Body surface area
In physiology and medicine, the body surface area (BSA) is the measured or calculated surface area of a human body. For many clinical purposes, BSA is a better indicator of metabolic mass than body weight because it is less affected by abnormal adipose mass. Nevertheless, there have been several important critiques of the use of BSA in determining the dosage of medications with a narrow therapeutic index, such as chemotherapy.
Typically there is a 4–10 fold variation in drug clearance between individuals due to differing the activity of drug elimination processes related to genetic and environmental factors. This can lead to significant overdosing and underdosing (and increased risk of disease recurrence). It is also thought to be a distorting factor in Phase I and II trials that may result in potentially helpful medications being prematurely rejected. The trend to personalized medicine is one approach to counter this weakness.
Examples of uses of the BSA:
- Renal clearance usually divided by the BSA i.e. per 1.73 m² to gain an appreciation of the true glomerular filtration rate (GFR);
- The Quetelet index uses a somewhat modified form of the BSA;
- The cardiac index is a measure of cardiac output divided by the BSA, giving a better approximation of the effective cardiac output;
- Chemotherapy is often dosed according to the patient's BSA.
- Glucocorticoid dosing is also expressed in terms of BSA for calculating maintenance doses or to compare high dose use with maintenance requirement.
Various calculations have been published to arrive at the BSA without direct measurement. In the following formulae, BSA is expressed in m2, weight (or, more properly, mass) W in kg, and height H in cm.
The most widely used is the Du Bois formula, which has been shown to be equally as effective in estimating body fat in obese and non-obese patients, something the Body mass index fails to do.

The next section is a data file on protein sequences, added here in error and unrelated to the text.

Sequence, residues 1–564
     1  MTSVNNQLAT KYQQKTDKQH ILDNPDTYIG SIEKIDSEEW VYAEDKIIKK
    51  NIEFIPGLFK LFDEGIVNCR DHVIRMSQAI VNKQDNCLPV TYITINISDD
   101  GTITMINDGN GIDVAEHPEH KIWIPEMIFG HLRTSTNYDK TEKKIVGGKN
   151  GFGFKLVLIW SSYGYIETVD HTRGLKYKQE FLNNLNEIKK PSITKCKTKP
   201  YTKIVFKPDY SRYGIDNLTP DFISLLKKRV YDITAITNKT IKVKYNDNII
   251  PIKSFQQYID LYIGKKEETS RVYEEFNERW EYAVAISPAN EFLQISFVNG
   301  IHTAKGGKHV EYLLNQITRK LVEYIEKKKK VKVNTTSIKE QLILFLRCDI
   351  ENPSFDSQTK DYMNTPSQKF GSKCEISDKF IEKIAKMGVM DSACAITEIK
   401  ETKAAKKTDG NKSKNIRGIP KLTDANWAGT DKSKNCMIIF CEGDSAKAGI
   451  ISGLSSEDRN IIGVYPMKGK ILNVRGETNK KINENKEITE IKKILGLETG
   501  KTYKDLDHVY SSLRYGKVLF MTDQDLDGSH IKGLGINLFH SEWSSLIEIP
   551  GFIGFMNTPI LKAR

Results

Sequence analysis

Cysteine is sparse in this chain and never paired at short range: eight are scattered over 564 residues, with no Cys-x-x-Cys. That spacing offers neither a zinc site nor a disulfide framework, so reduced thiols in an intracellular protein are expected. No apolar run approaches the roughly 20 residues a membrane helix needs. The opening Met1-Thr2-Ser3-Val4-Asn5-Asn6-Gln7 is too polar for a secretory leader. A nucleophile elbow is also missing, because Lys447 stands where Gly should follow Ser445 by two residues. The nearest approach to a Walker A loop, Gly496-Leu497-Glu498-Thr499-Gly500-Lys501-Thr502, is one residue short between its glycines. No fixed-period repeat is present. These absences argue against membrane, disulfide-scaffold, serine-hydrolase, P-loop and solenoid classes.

The Mosteller formula is also commonly used, and is mathematically simpler:
Other formulas for BSA in m2 include:
Haycock Gehan and George Boyd  or alternatively Fujimoto Takahira Shuter and Aslani Lipscombe  Schlich (women) (men)
For any formula, the units should match. Mosteller pointed out that his formula holds only if the density is treated as a constant for all humans. Lipscombe, following Mosteller's reasoning, observed that the formulas obtained by Fujimoto, Shuter and Aslani, Takahira, and Lipscombe are suggestive of , which is dimensionally correct for the case of constant density. It equals .
A weight-based formula that does not include a square root (making it easier to use) was proposed by Costeff and recently validated for the pediatric age group. It is [4W (kg) + 7]/[90 + W (kg)].
Average BSA for children of various ages, for men, and for women, can be estimated using statistical survey data and a BSA formula:
|Age or age group||metric||imperial|
|Age or age group||metric||imperial|
The estimations in the above tables are based weight and height data from the U.S. NCHS National Health and Nutrition Examination Survey (2011-2014).
There was an average BSA of 1.73 m2 for 3,000 cancer patients from 1990 to 1998 in a European Organisation for Research and Treatment of Cancer (EORTC) database.
During 2005 there was an average BSA of 1.79 m2 for 3,613 adult cancer patients in the UK. Among them the average BSA for men was 1.91 m2 and for women was 1.71 m2.
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